Woman's Coat Design Turns Into Company That Empowers Homeless
What started as a class project turned into something much, much bigger.
A cold day in Detroit will chill you to the bones. The wind gusts alone can feel like sharp blades of glass on your skin.
The conditions are especially dangerous for the population of over 2,000 homeless people who live on the streets of Detroit, MI. Nearly 700 people experiencing homelessness are killed by hypothermia each year in the U.S.
One non-profit is doing its part to help bring that number way down by making coats for people living on the streets. The durable, water-resistant jackets transform into storage totes and full-length sleeping bags.
“Empowerment Plan" was started by a college student. Veronika Scott, who was 20 years old at the time, was majoring in product design at the College for Creative Studies in Detroit when she was tasked to design a product that fulfilled a need in the community.
After doing some research, Scott learned that hundreds of homeless people suffer each year when they can't get into shelters during the freezing winter months. Even though she didn't have any experience in clothing design, she started working on a prototype for a heavy-duty coat that could turn into a sleeping bag.
"It took 80-plus hours to make the first one," Scott (pictured below) told CNN .
When she first started the project, Scott went to homeless shelters to get feedback on her design. On one of her visits, she said a lady at the shelter started “full on yelling at her" when she was fitting someone with a coat.
"'You! You with the coat! Coat lady!'" Scott remembered the woman shouting. "'This is pointless! I don't need a coat! I need a job!'"
After that, Scott's class project took a turn from simply creating the coats to building an organization to provide jobs for homeless people.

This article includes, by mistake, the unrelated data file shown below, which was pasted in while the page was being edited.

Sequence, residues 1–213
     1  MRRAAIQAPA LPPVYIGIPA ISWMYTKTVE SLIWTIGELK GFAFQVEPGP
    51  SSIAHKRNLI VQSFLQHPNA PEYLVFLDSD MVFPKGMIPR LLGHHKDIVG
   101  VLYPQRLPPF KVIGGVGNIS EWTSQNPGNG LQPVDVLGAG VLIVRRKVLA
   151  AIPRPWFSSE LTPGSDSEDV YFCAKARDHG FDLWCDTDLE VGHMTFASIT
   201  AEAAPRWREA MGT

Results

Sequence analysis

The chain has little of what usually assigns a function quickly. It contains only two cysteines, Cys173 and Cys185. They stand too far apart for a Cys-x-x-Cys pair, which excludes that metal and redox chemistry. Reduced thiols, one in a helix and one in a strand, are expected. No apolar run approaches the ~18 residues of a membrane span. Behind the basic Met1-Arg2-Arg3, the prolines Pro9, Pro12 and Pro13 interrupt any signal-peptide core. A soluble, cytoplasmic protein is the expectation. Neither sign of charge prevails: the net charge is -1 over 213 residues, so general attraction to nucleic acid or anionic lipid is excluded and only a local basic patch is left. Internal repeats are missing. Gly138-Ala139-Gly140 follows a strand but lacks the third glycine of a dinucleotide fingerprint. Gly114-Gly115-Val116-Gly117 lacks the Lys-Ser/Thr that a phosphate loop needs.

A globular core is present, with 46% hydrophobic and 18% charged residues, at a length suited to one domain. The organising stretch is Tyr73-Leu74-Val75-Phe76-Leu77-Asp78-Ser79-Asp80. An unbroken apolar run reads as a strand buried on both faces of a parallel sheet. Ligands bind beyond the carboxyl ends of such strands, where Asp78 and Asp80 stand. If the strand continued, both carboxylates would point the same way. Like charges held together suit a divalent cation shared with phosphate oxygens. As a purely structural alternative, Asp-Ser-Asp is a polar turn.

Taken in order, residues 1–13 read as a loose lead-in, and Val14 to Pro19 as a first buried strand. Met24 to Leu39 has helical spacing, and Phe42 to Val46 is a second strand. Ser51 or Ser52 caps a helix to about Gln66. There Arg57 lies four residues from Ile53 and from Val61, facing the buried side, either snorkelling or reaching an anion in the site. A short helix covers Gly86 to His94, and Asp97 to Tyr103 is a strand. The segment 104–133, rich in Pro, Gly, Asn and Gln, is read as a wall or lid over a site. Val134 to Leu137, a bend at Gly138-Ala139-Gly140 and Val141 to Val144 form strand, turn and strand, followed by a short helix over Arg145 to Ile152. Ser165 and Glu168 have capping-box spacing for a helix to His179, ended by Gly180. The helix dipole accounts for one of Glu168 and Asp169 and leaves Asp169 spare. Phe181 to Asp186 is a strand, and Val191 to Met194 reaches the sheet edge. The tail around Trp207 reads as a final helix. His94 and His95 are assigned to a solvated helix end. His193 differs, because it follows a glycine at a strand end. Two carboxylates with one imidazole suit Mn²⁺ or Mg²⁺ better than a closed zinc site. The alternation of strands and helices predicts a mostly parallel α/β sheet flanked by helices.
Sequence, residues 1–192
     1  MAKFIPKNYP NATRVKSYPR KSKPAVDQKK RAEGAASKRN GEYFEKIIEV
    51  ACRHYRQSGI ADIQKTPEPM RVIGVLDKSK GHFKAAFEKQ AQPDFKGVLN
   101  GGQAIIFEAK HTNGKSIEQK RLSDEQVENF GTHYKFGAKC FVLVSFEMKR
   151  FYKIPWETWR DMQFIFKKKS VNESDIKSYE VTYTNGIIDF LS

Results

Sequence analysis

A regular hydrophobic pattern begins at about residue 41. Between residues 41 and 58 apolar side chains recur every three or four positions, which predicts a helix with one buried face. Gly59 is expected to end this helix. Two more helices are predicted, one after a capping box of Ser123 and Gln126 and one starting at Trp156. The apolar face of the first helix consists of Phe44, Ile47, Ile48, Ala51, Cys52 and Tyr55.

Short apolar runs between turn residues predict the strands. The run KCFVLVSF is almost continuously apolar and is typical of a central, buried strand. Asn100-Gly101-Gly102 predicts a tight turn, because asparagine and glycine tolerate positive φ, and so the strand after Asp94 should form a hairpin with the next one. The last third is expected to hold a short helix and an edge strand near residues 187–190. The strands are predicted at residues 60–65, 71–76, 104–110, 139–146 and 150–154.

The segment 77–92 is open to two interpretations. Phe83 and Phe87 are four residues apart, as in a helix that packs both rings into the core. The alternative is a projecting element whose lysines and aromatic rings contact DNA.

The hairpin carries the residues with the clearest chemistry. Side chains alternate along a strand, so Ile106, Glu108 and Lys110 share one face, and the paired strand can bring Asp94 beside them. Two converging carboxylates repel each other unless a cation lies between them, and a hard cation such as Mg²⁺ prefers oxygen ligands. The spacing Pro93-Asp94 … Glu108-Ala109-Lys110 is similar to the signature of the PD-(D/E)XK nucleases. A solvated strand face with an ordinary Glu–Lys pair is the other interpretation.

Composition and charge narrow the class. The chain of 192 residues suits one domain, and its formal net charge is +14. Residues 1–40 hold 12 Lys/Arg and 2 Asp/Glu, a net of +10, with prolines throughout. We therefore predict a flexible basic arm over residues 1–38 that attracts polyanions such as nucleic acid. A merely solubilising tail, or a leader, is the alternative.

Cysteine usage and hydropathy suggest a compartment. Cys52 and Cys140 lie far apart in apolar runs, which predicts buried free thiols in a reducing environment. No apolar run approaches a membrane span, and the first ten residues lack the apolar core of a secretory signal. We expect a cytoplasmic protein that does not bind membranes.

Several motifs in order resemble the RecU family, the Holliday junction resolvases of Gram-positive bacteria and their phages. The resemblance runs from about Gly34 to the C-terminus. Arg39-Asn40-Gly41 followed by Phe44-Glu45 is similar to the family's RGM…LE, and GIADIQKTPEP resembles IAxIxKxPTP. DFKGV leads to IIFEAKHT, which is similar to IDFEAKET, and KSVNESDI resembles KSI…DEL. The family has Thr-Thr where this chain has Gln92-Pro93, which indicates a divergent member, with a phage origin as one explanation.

Now, 10 years later, Scott is the CEO and founder of Empowerment Plan, where she employs around 80 individuals at a time to help manufacture the coats – 100% of which are able to afford their own homes within months.
Scott, who experienced periods of homelessness during her own childhood, knows how important is to not only get people into homes, but to keep them there.
According to the organization's website, roughly 60% of the work week at Empowerment Plan is dedicated to coat production while the other 40% is dedicated to programming and supportive services like financial health and GED training.
Empowerment Plan also partners with organizations in Detroit and other cities around the world to find out which areas would most benefit from the coats and how to best distribute them.
"There's so many great outreach organizations and soup kitchens, and those are the people that we partner with," Scott said. "And that's how we do it around the world, too."
For now, Empowerment Plan is funded solely by individual gifts. A $125 donation pays for the material costs and labor for one coat, and donors can ask that their donations go to specific communities or wherever the greatest need is.
As for Scott, she's just happy she's been able to make a lasting impact on her employees and the people who've received the coats.
"This is so much bigger than anything I could have imagined," she said.
Feeling inspired? You can make a donation to Empowerment Plan today by clicking here .